Battle Lines

Published on 26 September 2017

Ebi Shankara uses his visibility to make a real change for the Indian theatre community.

By Jo Tan

Ebi Shankara wears more hats than Bruno Mars. He recently concluded a stint hosting TV game-show Cash Struck, and is currently performing in Sing’Theatre’s musical revue Forever Young, and directing young actors in Pazhuppu for this year’s Asian Youth Theatre Festival; all while continuing his ongoing duties as Artistic Director of the Ravindran Drama Group.

“I’m just grateful that this year has given me the opportunity to show off diverse sides of myself,” laughs the award-winning singer and theatre-maker. “I’ve played a giant egg in Itsy — The Musical to a slimy show manager in Tropicana, and now I’m playing an eighty-something-year-old man in Forever Young. And of course, when I’m hosting Cash Struck, I play the character of a show host.”

Shankara goes into each gig with a goal: to challenge and expand the perceptions of Indian identity in Singapore. For instance, Pazhuppu — meaning ‘brown’ — examines how Singaporean Indians connect with their cultural identity. “How much of our native ‘Indian-ness’ do we actually retain, and how do we perceive Indian expatriates?” he asks.

Even when acting, this ineffable quality of ‘Indian-ness’ is something that’s constantly on his mind.  “In many auditions I go for, people tell me to be more Indian, to bob my head and do an accent. That, for them, defines Indian behaviour. But most Indians I know, living in India or Singapore, don’t speak like that. For one comedy audition, I actually responded: ‘I can be funny without doing an Indian accent.’ I’ve played many Indian characters onstage that I hope challenge prevailing perceptions of the race. I sometimes manipulate stereotypes to make people aware of their own biases.”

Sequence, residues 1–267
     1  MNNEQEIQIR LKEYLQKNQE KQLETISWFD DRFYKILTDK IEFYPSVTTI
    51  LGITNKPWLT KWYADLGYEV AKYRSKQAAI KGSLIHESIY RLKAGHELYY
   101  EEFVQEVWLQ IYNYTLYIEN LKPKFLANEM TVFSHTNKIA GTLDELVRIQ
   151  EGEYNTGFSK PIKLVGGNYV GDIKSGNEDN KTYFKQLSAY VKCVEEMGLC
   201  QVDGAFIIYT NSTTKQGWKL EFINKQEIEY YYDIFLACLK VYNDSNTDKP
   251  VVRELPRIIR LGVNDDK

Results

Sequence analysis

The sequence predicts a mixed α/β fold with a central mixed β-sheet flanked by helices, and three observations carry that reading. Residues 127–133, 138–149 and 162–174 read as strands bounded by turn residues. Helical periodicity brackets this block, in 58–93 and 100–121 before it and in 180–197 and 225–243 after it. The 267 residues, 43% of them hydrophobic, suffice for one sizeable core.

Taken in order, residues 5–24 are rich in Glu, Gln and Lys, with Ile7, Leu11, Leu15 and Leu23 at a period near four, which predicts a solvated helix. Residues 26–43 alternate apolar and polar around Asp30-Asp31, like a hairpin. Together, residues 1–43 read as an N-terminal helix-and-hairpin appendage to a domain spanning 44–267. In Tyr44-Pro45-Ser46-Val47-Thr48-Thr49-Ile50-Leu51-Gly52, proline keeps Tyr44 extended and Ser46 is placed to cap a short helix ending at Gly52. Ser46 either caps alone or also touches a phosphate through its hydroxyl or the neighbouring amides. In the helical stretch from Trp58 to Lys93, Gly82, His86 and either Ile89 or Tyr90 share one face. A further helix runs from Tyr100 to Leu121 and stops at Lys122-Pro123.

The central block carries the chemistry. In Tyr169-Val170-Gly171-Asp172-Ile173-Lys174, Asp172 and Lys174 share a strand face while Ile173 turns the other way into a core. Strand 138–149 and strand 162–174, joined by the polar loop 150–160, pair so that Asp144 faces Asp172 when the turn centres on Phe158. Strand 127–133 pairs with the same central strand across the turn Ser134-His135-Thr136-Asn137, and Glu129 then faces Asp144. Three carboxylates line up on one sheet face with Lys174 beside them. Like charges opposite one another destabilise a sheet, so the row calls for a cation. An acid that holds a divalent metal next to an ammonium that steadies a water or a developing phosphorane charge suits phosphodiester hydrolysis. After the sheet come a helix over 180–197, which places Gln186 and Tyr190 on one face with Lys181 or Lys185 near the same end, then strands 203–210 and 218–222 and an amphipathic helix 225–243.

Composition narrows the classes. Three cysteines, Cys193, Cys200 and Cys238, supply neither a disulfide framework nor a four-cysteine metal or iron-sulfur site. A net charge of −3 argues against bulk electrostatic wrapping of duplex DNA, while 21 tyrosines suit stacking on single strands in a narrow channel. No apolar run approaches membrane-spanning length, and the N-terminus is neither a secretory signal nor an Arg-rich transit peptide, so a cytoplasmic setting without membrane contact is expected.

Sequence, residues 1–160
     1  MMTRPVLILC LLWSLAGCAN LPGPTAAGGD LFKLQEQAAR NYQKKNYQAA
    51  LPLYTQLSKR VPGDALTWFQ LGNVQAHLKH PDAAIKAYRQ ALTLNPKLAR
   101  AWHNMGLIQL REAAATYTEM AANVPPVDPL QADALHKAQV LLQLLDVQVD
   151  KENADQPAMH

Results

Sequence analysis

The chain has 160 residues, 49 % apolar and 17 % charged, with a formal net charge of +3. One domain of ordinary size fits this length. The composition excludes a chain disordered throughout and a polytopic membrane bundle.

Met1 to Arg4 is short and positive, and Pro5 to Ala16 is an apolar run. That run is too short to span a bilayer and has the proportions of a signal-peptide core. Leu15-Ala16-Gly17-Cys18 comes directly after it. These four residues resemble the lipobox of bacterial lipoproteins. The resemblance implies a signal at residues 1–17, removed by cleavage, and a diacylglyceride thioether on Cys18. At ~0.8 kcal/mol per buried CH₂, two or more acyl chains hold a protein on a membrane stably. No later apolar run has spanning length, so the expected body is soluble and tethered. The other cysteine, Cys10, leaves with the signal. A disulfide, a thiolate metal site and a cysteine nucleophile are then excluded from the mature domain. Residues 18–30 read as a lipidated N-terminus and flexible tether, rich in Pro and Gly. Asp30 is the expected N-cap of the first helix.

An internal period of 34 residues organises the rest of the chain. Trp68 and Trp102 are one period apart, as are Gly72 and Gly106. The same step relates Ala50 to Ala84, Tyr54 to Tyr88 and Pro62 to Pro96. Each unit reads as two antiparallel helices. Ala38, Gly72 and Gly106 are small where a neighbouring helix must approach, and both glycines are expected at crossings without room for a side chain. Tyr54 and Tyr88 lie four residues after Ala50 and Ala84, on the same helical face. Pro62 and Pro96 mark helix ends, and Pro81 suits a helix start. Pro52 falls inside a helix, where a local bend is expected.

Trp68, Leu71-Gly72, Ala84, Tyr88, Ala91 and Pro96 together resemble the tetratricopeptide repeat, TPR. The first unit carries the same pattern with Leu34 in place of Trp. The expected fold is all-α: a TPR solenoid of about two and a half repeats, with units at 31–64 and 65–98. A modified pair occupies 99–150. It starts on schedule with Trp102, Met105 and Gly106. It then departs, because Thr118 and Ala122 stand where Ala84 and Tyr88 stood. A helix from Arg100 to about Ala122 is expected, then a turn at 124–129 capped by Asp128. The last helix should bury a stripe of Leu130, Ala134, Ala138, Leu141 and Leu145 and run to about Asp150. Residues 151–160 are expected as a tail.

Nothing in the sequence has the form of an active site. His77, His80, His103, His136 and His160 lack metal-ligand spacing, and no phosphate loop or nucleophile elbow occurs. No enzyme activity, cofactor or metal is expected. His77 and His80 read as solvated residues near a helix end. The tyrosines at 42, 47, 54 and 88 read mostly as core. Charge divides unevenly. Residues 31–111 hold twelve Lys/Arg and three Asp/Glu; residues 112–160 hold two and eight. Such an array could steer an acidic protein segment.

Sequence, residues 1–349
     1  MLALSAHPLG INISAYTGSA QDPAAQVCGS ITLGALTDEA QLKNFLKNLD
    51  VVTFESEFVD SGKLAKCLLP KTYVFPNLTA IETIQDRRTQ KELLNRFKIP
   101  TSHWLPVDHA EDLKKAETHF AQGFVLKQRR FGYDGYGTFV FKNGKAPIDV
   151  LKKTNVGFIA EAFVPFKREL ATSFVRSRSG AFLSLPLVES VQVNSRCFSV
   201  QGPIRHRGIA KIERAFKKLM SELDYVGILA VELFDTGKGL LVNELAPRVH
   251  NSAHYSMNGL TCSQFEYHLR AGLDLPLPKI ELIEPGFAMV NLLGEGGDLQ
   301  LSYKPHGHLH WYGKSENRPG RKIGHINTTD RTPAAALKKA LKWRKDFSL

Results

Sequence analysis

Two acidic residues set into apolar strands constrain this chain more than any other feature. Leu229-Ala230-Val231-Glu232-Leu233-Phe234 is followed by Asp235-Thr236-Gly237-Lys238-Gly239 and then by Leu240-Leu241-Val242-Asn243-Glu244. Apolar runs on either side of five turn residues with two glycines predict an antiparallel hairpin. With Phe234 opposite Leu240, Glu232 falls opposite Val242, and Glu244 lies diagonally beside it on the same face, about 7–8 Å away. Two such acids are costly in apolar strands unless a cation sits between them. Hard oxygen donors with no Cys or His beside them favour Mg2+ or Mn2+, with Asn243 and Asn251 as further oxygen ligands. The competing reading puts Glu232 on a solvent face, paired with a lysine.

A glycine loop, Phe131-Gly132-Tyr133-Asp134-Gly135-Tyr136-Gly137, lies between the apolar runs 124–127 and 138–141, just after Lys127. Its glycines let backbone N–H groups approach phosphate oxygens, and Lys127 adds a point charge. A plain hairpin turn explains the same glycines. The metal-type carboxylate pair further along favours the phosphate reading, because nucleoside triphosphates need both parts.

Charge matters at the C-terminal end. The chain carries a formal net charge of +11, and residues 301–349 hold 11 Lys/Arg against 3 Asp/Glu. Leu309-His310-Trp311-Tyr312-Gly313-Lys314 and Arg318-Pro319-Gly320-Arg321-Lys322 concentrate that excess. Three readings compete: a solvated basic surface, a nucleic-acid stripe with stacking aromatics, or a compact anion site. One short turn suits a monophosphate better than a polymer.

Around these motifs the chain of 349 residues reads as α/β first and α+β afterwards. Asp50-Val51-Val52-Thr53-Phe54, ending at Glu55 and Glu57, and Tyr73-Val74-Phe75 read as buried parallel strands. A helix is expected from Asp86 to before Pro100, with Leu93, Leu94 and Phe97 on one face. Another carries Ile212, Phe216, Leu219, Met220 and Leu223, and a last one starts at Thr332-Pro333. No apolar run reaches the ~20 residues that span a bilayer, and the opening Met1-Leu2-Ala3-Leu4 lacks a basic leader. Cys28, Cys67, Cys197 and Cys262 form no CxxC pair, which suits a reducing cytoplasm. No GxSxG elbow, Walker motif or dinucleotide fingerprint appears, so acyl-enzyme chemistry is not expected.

A similar philosophy also drives the way Shankara runs the Ravindran Drama Group. “It used to be a Tamil theatre company, but now we do works in different languages that relate to different Indians in the diaspora. We’ve also opened up our annual ten-minute play festival to non-Tamil speaking theatre companies, which includes collaborations with north Indian friends. Our vision is ‘Discovering Indian-ness through world-class theatre’.”

For Shankara, it is hard work juggling his own performances with running the company. “But if the few of us trained Indian theatre-makers don’t do anything about it, who will be responsible for creating work the community can be proud of?  I make sure the company’s repertoire includes something for everyone: Experimental plays, commercial works that engage the larger audience, and youth theatre works to cultivate the next generation of audiences. I was fortunate, as a child of a single parent, to get scholarships for my diploma and degree from Nanyang Academy of Fine Arts, and I want to help others have the same opportunity to learn.”

What’s even more admirable is that Shankara is not even fully Indian by ethnicity. “I’m actually half Nigerian, which comes with its own perceptions and stereotypes,” he laughs. “I’ll take it one battle at a time.”

Catch Ebi Shankara in Theater Ekamatra’s PAZHUPPU, 6-7 Oct 2017 at Aliwal Arts Centre. Get tickets here.
And don’t miss him in Sing’theatre’s 10th anniversary production FOREVER YOUNG! , 11-21 Oct 2017 at SOTA Drama Theatre. Get tickets here

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